Subscribe Via Email

Like reading this blog? You can get the complete text of the latest articles at Within My Means in your email inbox each morning by entering your email address below, then verifying the subscription. Your address will only be used for mailing you the blog, and each one will include a link so you can unsubscribe at any time.

Enter your email address:

Delivered by FeedBurner

April 27, 2016

Mom's Spiced Peaches


My most fragrant memory of cloves comes from my mom's Spiced Peaches.  This is one of the dishes she would make for special formal occasions, usually in the spring or summer.  She'd always use peach halves, and often serve it over vanilla bean ice cream.  The recipe came from the Betty Crocker cook book she'd gotten as a wedding present. 

I'm active again in Toastmasters, and we've started a rotation of snacks to bring to our meeting.  Our group is filled with health-conscious people, so I was trying to think of something not boring, but different than chocolatey baked goods.  I'd just come across this recipe when I visited my folks recently, so I thought it would be fun to try my hand at making mom's peaches.

Since you can use canned fruit for this recipe, and most of the ingredients are common pantry items, I thought this would be a pretty economical treat too.  I did triple the recipe to fit the size of our group, using two cans of sliced peaches and a can of pear halves that I had on hand.  Because of that, I ended up using a whole bottle of cinnamon sticks, so I ended up spending a good ten bucks on this dish - not quite as economical as I'd thought.  But it's a pretty presentation, and I think the group will enjoy the surprise.

Betty Crocker's Spiced Peaches

Mix 1 Cup vinegar, 1 Cup honey, 3 whole cloves, and 3 sticks cinnamon in a saucepan.  Heat to a simmer.  Add 6 cups canned peach halves.  Cool.  Chill several hours or overnight.  Drain.  Serve fruit with some of the liquid over it.  *My mom's tip was to use the juice from the canned fruit in the recipe as well.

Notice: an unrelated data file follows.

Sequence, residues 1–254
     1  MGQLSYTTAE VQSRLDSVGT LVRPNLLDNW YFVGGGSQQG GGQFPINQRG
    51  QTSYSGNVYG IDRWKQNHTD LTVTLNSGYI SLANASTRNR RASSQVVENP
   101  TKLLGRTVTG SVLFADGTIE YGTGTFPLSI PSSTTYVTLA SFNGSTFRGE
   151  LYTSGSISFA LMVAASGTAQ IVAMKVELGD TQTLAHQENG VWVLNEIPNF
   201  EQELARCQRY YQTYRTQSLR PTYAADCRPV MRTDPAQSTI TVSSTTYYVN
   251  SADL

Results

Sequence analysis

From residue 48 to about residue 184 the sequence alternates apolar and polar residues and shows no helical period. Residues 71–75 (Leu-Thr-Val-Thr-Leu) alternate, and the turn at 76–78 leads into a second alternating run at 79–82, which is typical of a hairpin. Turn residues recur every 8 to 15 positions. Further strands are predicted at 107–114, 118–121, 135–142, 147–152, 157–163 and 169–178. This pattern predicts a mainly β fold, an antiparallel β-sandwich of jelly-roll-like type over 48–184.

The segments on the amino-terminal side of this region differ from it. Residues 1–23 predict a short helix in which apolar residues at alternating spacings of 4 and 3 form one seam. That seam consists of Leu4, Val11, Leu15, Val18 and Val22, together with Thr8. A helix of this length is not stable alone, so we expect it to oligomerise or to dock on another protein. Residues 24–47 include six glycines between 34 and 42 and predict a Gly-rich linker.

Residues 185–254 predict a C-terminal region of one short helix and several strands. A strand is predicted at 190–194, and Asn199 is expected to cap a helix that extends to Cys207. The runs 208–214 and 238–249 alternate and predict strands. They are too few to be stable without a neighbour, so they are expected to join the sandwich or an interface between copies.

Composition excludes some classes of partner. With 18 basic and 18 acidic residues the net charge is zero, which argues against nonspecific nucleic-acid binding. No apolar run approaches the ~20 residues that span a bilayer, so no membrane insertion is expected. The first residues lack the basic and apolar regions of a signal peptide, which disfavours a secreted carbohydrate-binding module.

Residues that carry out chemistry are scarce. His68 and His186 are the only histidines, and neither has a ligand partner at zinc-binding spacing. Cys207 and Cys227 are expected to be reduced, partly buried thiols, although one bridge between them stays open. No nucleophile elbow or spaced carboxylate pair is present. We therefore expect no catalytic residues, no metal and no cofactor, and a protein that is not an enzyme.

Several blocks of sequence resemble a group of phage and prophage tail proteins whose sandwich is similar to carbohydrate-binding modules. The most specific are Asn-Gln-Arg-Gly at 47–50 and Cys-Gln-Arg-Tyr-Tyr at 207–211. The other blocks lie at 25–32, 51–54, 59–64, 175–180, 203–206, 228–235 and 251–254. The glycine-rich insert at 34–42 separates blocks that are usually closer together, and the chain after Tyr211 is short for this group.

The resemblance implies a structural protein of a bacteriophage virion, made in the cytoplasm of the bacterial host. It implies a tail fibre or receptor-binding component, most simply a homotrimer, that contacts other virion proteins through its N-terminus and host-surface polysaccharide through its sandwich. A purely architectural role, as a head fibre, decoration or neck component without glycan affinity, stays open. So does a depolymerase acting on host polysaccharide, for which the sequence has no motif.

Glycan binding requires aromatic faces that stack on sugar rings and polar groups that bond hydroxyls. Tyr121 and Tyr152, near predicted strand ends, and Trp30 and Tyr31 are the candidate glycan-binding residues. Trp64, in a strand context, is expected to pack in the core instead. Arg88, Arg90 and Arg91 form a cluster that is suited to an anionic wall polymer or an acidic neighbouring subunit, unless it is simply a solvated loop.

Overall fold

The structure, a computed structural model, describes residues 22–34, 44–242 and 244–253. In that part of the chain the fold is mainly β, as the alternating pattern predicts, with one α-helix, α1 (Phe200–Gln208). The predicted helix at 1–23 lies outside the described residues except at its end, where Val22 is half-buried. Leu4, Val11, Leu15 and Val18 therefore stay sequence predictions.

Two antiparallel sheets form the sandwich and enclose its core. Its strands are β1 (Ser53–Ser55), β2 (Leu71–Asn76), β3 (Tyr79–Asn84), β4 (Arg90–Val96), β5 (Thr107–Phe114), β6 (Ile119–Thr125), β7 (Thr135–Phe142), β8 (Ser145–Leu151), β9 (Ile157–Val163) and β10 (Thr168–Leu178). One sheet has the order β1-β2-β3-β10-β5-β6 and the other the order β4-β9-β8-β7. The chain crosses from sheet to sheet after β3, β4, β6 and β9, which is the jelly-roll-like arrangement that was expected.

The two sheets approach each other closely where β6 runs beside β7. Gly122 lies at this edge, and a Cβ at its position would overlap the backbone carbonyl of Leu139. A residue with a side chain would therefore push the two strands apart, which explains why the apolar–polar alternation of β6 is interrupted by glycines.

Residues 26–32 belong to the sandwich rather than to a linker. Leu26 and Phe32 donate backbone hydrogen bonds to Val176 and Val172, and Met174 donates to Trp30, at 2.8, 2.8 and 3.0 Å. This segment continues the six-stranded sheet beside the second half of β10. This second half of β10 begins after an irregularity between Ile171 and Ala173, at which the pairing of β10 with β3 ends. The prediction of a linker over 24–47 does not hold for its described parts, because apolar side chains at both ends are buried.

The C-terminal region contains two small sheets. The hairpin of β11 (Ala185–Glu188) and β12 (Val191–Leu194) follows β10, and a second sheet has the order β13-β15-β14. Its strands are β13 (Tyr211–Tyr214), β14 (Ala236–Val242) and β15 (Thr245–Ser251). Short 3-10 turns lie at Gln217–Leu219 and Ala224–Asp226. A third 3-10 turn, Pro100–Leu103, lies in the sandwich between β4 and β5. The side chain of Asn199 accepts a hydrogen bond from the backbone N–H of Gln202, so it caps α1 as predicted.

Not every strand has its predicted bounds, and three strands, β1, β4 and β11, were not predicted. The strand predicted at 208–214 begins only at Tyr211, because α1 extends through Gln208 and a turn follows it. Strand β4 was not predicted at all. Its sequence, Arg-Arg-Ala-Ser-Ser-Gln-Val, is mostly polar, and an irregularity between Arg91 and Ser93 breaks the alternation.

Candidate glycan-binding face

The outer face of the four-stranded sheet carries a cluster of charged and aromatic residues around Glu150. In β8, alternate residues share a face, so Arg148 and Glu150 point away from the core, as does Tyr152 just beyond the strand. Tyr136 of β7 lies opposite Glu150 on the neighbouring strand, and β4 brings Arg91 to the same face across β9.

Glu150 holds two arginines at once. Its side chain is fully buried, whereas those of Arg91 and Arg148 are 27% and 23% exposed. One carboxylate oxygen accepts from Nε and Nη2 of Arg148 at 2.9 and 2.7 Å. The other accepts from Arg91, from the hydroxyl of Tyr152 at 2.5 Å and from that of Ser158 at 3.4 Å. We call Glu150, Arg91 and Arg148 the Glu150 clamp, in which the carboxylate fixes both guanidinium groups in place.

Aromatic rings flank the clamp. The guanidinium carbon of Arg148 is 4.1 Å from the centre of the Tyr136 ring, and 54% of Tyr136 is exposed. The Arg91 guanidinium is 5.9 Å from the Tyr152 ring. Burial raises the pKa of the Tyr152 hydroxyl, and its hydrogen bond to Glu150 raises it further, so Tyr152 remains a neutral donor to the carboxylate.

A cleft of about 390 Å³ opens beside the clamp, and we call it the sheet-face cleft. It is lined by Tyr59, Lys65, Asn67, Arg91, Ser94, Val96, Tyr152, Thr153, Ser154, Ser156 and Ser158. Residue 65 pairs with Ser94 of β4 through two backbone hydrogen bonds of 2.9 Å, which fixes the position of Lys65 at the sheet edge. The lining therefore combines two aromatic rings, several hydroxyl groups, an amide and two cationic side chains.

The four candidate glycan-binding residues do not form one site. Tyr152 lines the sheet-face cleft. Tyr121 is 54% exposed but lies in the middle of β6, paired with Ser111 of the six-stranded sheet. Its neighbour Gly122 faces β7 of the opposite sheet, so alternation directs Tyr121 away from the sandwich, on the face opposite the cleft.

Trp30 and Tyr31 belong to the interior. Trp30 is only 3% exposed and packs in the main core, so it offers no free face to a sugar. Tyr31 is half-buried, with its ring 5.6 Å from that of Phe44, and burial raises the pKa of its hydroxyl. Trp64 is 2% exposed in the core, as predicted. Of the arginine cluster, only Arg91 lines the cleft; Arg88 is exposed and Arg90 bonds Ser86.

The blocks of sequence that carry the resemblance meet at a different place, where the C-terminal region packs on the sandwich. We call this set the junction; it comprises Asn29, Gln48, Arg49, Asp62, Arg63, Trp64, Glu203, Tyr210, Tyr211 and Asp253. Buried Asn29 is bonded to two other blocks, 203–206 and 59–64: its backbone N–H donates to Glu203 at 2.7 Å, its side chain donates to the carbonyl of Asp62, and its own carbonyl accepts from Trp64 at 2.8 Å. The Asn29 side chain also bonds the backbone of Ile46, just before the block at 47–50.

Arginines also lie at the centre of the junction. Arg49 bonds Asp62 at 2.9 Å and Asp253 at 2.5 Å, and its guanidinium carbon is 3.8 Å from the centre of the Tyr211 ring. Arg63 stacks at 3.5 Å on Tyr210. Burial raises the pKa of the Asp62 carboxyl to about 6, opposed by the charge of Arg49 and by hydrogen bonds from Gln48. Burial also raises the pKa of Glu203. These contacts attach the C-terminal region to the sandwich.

What are your favorite light snacks to bring to a group event?  Please leave a comment on my blog.  I'd love to hear from you!




April 25, 2016

Loveless Cafe's Root Beer Float Cake


I had the opportunity to visit my folks this spring when traveling for work.  We haven't done much exploring on my visits since they moved to the area, so when the idea of going out to eat came up, I pushed for something truly "Nashville."  My dad suggested the Loveless Cafe.  It was about an hour away from their home in Gallatin, TN and the drive was lovely.  There are woods everywhere in Nashville, and the trees are not the kind I'm familiar with in Los Angeles.  The Loveless was appropriately busy, so we had time to wander their gift shops on the property, and take our picture behind a funny backdrop frame.  The cafe has a picture window on the area where the biscuit maker lies out the fluffy wonders on big sheet pans dozens at a time.  We so stuffed ourselves on brunch we didn't have room to sample their famous cobblers and baked goods.


I visited right around Easter, and was looking for a treat to bake on my day off.  Rummaging through my mom's cookbooks, I came across a recipe book titled "Desserts from the Famous Loveless Cafe."  Flipping through, the Root Beer Float Cake jumped out at me.  My dad's father had run a Pepsi plant and distributorship when I was growing up, so I thought it would be fun to bake with soda pop.  And I love bundt cakes.